Social media is wringing its hands over another potential spying scandal hitting AT&T. This comes almost a decade after the carrier first faced lawsuits over a National Security Agency spy program -- and amid a general atmosphere today of privacy worries that wasn't helped by this month's accusations that Yahoo had been spying on its users as well. Social Cues is our daily guide on what people are talking about across Facebook and Twitter. Here's what is trending on social media on Tuesday: AT&T is Spying: The phrase started trending on Twitter on Tuesday morning after The Daily Beast reported that the Dallas telecommunications giant is helping the US government trace call records and analyze cellular data. New documents uncovered about the already known "Project Hemisphere" seem to show that AT&T has built and sold a product for millions of dollars to government agencies that searches through trillions of phone records from AT&T, according to the Daily Beast. Twitter users are furious about the alleged invasion of privacy. AT&T reps did not immediately respond to requests for comments. Queensland: An Australian theme park turned deadly in a freak accident that killed four people. Two men and two women died on a river rapids ride at Dreamworld in Queensland. News of the deaths spread throughout social media as investigators try to figure out what went wrong. Jay Z: He's in a campaigning state of mind. The hip-hop superstar is performing for free on November 4 in Cleveland to get out the vote for Democratic presidential nominee Hillary Clinton. While some Facebook users are excited about the free show, others criticized the rapper's lyrics, arguing that they don't fit with Clinton's image. It's a lot like the time a surrogate for Republican nominee Donald Trump recited Beyoncé lyrics to criticize Clinton. (Yes, this really happened.) MacBook Pro: The rumors are already swirling about what Apple's next laptops will look like. While the tech giant won't officially reveal anything until its event on Thursday, we've got some ideas of our own, too. The biggest concern for Facebook users is that Apple could be removing its USB ports. Let's see if the company has the "courage" to do that, as when it nixed the headphone jack on the iPhone 7. NBA: Basketball season officially starts Tuesday. The first games include the New York Knicks against defending champions Cleveland Cavaliers, Utah Jazz against the Portland Trailblazers and the San Antonio Spurs versus the Golden State Warriors. Get ready for the NBA to fill up your newsfeed again. The Twittersphere is already waiting for the first tip-off. Be sure to check out Social Cues' weekly roundup called T.GIF. It will pop up every Friday on CNET's Snapchat and Instagram accounts. Add us on Instagram at @CNET or on Snapchat at @CNETsnaps. Our social accounts also feature CNET Update daily and Mailbox Mondays. Join us!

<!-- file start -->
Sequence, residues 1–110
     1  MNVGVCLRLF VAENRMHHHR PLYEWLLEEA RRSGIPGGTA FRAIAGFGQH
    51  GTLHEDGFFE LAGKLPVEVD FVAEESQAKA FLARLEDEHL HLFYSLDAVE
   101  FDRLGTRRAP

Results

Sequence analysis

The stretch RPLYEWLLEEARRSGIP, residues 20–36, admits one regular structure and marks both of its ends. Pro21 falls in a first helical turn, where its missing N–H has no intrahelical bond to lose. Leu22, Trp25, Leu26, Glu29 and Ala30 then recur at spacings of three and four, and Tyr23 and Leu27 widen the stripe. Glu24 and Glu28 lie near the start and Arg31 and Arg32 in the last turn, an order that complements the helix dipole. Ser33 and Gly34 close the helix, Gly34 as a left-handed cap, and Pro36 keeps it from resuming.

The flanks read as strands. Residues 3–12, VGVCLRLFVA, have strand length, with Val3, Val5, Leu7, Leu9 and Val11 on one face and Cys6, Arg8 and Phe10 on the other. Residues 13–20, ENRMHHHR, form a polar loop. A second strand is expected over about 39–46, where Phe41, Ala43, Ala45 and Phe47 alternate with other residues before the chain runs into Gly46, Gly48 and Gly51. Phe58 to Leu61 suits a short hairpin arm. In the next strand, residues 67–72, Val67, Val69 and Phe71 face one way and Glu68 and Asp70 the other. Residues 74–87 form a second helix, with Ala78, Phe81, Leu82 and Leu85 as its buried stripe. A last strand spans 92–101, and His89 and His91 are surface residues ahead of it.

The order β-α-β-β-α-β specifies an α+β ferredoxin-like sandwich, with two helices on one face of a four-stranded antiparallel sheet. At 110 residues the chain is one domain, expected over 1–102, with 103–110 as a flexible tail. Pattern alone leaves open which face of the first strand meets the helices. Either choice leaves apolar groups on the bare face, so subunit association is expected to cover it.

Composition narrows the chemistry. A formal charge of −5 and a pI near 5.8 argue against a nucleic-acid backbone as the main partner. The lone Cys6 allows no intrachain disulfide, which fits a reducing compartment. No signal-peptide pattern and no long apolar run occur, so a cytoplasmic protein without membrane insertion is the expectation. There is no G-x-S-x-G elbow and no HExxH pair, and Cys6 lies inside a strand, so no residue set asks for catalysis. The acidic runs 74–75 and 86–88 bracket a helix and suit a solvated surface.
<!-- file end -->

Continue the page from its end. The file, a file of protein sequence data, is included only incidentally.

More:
HONG KONG, Dec. 28, 2016 /PRNewswire/ -- Entertainment Gaming Asia Inc. (NASDAQ: EGT) (the "Company") announced today that it has sold gaming assets in Cambodia, including its 278 electronic gaming machine (EGM) seats placed in Dreamworld Club (Poipet), 72 EGM seats held in Cambodia...